She added that district officials have had to disinfect the whole middle school twice. Despite that, she’s used up 14 sick days and kids are constantly calling in sick.

Byers isn’t the only one who’s been hit by illness this winter. For one thing, this year’s flu season has been particularly intense. Cases are up across the U.S., thanks to the severe strain of the virus that’s circulating this year.

Yet the jury’s still out among public health experts about whether widely fluctuating winter temperatures cause disease outbreaks or weaken people’s immune systems. There does, however, seem to be a correlation between weather conditions and specific types of disease.

Credit: Samantha Harrington.

“The winter months are months where respiratory infections – influenza-like-illnesses, the common cold for example – are much more common,” said William Schaffner, an infectious diseases specialist at Vanderbilt University. “In contrast, in the summer months, the late summer months, are times when intestinal infections are more common.”

A number of researchers have tackled the temperature and disease question by studying the flu. In researching the flu in China, Cécile Viboud, director of the Division of International Epidemiology and Population Studies at the Fogarty International Center, found that annual flu epidemics occurred more often in the cold northern parts of the country than warmer southern ones.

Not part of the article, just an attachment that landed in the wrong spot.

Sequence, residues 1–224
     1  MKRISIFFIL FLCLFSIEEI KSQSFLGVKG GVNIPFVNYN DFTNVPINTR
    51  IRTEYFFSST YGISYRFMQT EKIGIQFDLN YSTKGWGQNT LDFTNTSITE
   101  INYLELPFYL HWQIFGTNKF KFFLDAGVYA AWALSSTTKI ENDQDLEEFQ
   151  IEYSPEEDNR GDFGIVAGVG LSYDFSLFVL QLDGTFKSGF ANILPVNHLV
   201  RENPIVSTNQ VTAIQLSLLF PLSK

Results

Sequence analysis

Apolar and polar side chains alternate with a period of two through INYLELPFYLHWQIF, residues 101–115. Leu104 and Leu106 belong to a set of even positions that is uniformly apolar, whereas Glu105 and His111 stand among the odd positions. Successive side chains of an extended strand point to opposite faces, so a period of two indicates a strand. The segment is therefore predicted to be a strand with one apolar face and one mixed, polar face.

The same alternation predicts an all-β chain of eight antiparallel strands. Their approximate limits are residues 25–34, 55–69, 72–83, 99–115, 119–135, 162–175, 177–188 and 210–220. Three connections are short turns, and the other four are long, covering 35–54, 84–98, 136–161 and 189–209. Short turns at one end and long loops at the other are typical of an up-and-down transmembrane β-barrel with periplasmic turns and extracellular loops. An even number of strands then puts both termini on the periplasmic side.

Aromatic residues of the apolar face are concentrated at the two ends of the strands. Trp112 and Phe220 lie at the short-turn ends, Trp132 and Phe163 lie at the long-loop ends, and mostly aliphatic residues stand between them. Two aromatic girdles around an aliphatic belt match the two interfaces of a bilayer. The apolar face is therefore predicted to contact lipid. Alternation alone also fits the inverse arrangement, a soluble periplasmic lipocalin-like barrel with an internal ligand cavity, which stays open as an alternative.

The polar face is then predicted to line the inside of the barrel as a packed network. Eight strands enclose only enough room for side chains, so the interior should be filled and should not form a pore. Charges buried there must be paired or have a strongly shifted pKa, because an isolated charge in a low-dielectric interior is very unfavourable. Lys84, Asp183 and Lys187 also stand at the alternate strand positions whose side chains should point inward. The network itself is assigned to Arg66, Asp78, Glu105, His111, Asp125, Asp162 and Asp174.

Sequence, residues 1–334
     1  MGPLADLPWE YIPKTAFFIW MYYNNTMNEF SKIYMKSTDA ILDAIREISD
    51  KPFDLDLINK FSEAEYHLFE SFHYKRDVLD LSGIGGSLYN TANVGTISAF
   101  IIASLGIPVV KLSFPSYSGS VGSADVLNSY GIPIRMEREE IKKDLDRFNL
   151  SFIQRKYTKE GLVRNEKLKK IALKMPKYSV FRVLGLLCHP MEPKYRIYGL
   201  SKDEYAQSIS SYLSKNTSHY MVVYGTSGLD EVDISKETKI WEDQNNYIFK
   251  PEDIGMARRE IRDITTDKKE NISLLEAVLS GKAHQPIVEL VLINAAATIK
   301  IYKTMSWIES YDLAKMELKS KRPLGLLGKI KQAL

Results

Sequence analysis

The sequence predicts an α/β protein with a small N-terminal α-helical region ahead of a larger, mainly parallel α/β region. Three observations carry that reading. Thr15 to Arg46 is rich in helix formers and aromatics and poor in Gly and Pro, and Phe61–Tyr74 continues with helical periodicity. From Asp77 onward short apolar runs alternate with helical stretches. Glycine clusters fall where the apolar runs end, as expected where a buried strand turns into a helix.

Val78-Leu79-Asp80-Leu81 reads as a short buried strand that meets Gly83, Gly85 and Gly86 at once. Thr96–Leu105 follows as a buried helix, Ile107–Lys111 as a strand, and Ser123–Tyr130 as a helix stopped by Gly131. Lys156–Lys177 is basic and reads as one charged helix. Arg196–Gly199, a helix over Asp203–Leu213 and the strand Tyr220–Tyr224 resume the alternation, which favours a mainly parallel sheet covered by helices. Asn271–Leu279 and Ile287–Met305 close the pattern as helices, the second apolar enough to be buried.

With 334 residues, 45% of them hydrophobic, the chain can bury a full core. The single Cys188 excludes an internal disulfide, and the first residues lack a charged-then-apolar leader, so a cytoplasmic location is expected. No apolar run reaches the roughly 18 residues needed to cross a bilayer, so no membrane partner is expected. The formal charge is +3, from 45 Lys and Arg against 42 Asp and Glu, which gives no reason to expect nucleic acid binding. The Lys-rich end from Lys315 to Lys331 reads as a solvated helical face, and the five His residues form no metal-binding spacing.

And a 2007 study by researchers at the Mount Sinai School of Medicine found that flu transmission is at its highest when humidity and temperature are low. These findings are similar to what Viboud and others have seen, though Samira Mubaraka, one of the study’s authors, noted that the work was “very experimental.”

Could warm winters mean less disease?

If the flu likes cool, dry weather, then warmer winters could conceivably mean fewer flu cases. But that doesn’t mean warm winters are something for our immune system to celebrate.

On the other side of the coin, there’s the possibility that the illnesses we usually associate with the summer will start to creep into the winter months as cold-loving diseases decline.

For example, warm winters likely mean a longer allergy season. “Allergists think that we’re going to have an earlier hay fever season, spring allergy season, than normal – simply because everything’s out there and flowering early,” Schaffner said.

Schaffner added that as climates continue to warm, there’s likely to be an increased risk of diseases that are passed on by insects – like West Nile with mosquitos or Lyme Disease from ticks.

For now, it’s hard to predict exactly whether warmer winters will make us more or less sick. But, as Schaffner noted, weather and public health have a very strong relationship, so it seems unlikely that climate change will leave people’s health unchanged.

Share your spring

As spring heads our way, ISeeChange wants to know how it’s changing in your neighborhood. Are you seeing changes at school like the students in Hebron, Connecticut? Are your trees budding earlier than usual? Have your allergies started up already? Have you started to see insects that usually arrive later in the spring?

Let ISeeChange know how these changes are changing your daily life.

AUTHOR
Sam Harrington is a freelance journalist, writer, and illustrator in Madison, Wisconsin.